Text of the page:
Lancer Letter 05-24-11

Stop the Bus!
by Richard Scaletta

Until my days in my high school band, the idea of riding on a school bus was foreign. I walked 10 blocks to my elementary school (admittedly it was uphill only one way). My high school was even closer. A three block trek while carrying my sousaphone on many occasions, though making me an odd site, was an ordinary task. The walk to and from elementary school, though, are the times I remember fondly. Like Ralphy on “A Christmas Story,” the closer you got to the school, the more friends had joined your procession. This was a time to deeply explore the lives of 10 year olds. On the way home, the possibilities were endless: stop by a friend’s house, play at the fresh water spring, or sneak down to “tadpole pond” by the railroad tracks. (Yes, my mother always knew where I was, unless of course I was at the forbidden railroad tracks.)

Some school districts south of I-80 (that would be the Pennsylvania Harrisburg knows), do not provide any bussing. Secondary students can be required to walk up to two miles and elementary students up to 1.5 miles and in districts with walkable streets, the students walk. Here in the 117 square miles of General McLane, bussing is needed.

As parents are now aware, we are looking to eliminate door to door transportation service next year and go to neighborhood bus stops where neighborhoods exist. Though we will not be certain of the savings until next year, we are estimating savings of $14,000 to $28,000. While primary motivation for this change was dealing with the budget deficit, as we looked at it, other benefits are possible.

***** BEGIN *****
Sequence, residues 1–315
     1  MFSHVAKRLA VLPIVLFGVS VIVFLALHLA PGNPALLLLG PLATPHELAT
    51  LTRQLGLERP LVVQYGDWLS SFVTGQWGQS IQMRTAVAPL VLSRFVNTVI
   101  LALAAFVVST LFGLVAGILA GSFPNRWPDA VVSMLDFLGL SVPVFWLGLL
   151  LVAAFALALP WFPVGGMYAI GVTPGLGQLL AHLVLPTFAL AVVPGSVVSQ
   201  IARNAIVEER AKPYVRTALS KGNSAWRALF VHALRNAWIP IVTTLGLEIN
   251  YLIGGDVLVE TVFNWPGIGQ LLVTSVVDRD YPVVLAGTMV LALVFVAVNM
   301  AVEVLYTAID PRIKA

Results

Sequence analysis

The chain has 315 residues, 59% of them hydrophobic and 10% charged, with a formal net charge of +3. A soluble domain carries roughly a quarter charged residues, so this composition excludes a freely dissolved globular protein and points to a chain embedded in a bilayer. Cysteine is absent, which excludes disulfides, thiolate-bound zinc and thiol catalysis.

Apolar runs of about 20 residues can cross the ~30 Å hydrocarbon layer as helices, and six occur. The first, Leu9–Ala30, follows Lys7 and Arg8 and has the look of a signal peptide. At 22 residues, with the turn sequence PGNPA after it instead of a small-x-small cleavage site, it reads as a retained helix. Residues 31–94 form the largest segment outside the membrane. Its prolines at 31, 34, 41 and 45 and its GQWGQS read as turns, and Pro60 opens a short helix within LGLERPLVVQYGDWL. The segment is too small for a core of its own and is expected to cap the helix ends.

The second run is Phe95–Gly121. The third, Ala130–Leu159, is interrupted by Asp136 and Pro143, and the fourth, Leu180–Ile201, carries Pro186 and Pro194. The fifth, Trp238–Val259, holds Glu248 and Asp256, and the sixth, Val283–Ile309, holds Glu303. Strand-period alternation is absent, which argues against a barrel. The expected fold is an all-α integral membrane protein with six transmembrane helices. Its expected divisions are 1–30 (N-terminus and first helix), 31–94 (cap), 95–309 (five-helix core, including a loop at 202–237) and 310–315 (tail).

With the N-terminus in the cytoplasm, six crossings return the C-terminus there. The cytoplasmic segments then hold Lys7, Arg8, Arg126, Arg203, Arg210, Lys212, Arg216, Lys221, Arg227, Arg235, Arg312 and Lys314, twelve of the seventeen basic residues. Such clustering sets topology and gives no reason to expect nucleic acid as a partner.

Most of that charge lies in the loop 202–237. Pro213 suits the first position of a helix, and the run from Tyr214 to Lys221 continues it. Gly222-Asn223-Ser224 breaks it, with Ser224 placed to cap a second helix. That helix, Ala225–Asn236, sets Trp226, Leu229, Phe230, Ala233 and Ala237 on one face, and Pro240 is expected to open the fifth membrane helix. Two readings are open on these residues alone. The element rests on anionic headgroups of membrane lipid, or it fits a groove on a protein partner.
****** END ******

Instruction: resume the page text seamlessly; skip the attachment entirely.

Our students are far too sedentary. While a short walk to a bus stop is not going to result in major health improvements, every little bit helps. Social skills and friendships, so important to children’s development, get another opportunity to develop.
We have posted on our website the proposed stops and have expressed interest in receiving parent input. This is not a feigned interest in input. We firmly believe that working together, we can improve our transportation while still maintaining safety for our students.

Our Constitution states that government exists to “promote the general welfare.” Many people are all for the general welfare or the common good as long as it doesn’t affect them negatively. Getting to the common good requires compromise which means some give and some take. I think this task of moving to neighborhood bus stops provides an opportunity for us as a community to shine – to work together for the common good as neighbors and school.

I have really appreciated how some neighborhoods have worked on this in a brief amount of time. Contacting the neighbors, a leader has come to me with excellent information that we would have no way of knowing that has allowed us to come up with a better option. For example, it is wonderful to know that there is a mom, willing to serve as the host location for a stop who will look after the kids as the wait and get off the bus.

One thing I know about this community from living here over thirty years: when there’s a job to do, we come together and do our best. I look forward to working with many of you through this bus stop consolidation process.

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The Lancer Letter is a weekly editorial by Richard Scaletta, Superintendent of Schools, General McLane School District. Opinions expressed are Mr. Scaletta’s views on the issues and subjects of discussion.

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